Waymo to launch self-driving car service within two months

Some of Waymo's biggest customers are expected to be other businesses, including Walmart and Avis, that want to provide rides for their own customers.
Written by Stephanie Condon, Senior Writer

Waymo, the Alphabet-owned autonomous car company, plans to launch its first commercial self-driving car service within two months, Waymo's chief executive said Tuesday. When the service does launch, some of its biggest customers are expected to be other businesses that want to provide rides for their own customers.

Since Waymo launched its Early Rider pilot program in Chandler, Arizona last year, a number of businesses including Walmart, Avis Budget Group and AutoNation have expressed interest in the self-driving car service, Waymo CEO John Krafcik said Tuesday at The Wall Street Journal's WSJ Tech D.Live conference.

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"This is a whole other channel of demand we really hadn't thought deeply about that could end up being a really significant driver of business," he said.

Waymo's initial business will be limited to the Phoenix area, Krafcik said.

Meanwhile, he added, Waymo's commercial trucking business should add "a material contribution to the world... over the next couple of years."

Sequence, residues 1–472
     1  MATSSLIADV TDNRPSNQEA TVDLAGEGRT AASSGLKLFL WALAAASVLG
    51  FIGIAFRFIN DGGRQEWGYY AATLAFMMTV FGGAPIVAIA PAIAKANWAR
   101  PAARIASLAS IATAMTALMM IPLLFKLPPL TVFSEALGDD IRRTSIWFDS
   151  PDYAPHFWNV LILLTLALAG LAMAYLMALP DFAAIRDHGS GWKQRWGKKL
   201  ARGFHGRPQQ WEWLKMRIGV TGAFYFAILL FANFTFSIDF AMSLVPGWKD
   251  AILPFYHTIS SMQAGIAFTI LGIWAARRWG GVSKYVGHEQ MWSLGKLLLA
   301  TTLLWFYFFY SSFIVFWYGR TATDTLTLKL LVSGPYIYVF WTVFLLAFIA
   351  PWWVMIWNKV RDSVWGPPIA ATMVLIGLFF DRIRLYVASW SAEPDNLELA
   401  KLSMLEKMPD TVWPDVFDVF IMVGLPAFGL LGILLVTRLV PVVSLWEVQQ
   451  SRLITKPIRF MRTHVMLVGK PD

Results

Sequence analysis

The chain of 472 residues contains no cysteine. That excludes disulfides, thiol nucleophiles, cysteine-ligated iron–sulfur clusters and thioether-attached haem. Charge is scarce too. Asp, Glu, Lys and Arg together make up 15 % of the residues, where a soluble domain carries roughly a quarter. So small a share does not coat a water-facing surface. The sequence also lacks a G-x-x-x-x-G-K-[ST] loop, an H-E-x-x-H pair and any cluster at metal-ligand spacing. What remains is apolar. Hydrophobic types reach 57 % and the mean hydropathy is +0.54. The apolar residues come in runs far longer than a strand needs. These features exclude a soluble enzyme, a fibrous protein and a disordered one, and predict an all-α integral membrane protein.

Waymo, which started as a Google project in 2009 before spinning off into its own company in 2016, could be on a $1 billion revenue run rate before 2020 and hit $10 billion a bit after 2025, according to an Evercore ISI analysis. With the heft of Google's parent company behind it, Waymo is expected to undercut ride-hailing services like Uber and Lyft, which are developing their own self-driving services.

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While autonomous vehicles are expected to usher in the next iteration of transportation-as-a-service, the trucking industry is also primed for early adoption of autonomous technology.

In preparation for its new services, Waymo has forged partnerships with multiple companies in both the transportation and technology sectors. In March, the company announced it's partnering with Jaguar Land Rover to incorporate the automaker's new self-driving Jaguar I-PACE vehicle into its autonomous driving fleet. Then in April, Waymo said it would work with Honda to use its self-driving technology in a new delivery-focused product. In May, Waymo and Fiat Chrysler announced they're expanding their partnership to add as many as 62,000 Chrysler Pacifica Hybrid minivans to Waymo's self-driving fleet.

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